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Forum Moderators: not2easy
For those unfamiliar with accessibility issues pertaining to Web page design, consider that many users may be operating in contexts very different from your own:
- They may not be able to see, hear, move, or may not be able to process some types of information easily or at all.
- They may have difficulty reading or comprehending text.
- They may not have or be able to use a keyboard or mouse.
- They may have a text-only screen, a small screen, or a slow Internet connection.
- They may not speak or understand fluently the language in which the document is written.
- They may be in a situation where their eyes, ears, or hands are busy or interfered with (e.g., driving to work, working in a loud environment, etc.).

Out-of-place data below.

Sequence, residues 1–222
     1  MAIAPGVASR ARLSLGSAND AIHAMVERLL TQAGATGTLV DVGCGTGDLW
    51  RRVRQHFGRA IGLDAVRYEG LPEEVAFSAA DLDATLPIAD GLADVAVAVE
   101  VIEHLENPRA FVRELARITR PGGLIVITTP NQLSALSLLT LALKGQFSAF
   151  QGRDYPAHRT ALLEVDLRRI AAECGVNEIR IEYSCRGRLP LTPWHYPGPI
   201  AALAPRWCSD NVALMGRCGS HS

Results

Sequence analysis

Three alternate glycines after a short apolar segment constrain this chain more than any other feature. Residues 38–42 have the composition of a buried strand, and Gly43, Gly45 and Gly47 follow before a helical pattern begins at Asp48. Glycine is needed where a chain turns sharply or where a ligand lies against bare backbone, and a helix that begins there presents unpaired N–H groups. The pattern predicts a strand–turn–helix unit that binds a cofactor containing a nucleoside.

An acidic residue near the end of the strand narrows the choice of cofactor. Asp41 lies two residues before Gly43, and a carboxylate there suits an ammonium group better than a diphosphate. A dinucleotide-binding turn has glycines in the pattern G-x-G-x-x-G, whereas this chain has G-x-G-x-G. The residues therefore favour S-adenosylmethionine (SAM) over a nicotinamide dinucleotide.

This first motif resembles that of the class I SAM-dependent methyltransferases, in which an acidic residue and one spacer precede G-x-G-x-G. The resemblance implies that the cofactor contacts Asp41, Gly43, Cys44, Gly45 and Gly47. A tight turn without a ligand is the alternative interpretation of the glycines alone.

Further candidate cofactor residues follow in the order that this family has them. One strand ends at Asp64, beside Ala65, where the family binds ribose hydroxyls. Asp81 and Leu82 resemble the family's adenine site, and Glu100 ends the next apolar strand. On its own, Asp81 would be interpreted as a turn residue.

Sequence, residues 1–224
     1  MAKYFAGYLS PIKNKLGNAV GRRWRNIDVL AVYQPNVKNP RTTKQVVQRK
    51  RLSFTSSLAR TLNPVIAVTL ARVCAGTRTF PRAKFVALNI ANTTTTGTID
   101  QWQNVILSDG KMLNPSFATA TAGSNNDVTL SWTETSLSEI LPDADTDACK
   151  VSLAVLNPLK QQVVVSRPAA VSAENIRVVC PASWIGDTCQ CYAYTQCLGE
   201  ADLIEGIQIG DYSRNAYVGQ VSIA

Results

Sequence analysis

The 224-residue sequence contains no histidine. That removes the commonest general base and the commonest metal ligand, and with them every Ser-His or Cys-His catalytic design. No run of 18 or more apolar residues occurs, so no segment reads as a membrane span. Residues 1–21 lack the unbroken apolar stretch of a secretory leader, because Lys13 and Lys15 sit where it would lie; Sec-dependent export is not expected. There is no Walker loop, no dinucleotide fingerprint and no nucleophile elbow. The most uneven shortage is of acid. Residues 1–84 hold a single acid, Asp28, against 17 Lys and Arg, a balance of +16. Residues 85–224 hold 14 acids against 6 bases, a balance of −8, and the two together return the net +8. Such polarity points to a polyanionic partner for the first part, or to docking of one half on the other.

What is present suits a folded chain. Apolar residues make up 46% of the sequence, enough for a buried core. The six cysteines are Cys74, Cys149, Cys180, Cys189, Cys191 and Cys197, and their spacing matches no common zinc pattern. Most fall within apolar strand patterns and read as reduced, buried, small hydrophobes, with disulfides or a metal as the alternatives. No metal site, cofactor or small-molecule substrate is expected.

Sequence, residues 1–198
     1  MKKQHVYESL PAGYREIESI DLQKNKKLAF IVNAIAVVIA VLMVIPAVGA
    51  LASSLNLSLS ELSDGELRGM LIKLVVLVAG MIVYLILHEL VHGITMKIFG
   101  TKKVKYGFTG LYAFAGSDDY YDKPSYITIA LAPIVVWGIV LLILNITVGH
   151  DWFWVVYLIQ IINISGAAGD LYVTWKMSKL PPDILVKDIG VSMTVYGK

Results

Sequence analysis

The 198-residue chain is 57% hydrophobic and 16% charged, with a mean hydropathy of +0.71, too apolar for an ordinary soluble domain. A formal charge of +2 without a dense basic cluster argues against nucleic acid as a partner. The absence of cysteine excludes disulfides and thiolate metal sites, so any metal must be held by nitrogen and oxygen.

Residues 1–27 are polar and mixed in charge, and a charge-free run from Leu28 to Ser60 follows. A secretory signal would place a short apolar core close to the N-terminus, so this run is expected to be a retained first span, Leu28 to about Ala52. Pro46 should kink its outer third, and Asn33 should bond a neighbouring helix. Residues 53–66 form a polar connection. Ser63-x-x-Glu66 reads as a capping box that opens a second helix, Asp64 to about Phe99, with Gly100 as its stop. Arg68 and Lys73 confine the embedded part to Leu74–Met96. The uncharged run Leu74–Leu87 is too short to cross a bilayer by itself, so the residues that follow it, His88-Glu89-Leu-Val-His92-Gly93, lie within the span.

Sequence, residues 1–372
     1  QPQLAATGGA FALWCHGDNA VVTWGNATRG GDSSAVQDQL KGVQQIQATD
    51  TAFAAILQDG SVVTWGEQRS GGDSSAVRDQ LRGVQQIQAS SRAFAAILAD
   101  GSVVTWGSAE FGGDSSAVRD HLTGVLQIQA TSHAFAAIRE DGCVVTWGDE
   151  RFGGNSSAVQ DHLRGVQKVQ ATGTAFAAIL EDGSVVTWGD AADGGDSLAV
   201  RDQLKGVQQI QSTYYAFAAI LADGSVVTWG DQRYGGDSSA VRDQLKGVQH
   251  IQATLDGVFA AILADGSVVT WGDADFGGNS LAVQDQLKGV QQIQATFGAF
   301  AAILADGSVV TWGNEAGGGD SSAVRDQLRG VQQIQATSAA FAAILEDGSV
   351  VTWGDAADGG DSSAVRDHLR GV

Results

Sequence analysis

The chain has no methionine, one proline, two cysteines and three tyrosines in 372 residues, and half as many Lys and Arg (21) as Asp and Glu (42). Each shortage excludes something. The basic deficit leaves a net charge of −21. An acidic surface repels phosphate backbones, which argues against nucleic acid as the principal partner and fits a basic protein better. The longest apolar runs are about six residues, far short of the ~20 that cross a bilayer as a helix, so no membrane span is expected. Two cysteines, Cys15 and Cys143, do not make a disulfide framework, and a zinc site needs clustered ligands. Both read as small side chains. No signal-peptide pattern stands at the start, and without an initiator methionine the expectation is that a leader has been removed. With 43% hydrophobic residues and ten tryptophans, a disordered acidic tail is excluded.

- They may have an early version of a browser, a different browser entirely, a voice browser, or a different operating system.
It is worth walking down through each one occasionaly and see where you can do better with your own pages. I know, it is difficult in this flashed out tricked up web world of 2001, but there are little things you can do. The three biggies:
- proper usage of alt tags.
- making sure your html validates.
- not basing basic navigation on visual elements (js, shock, java).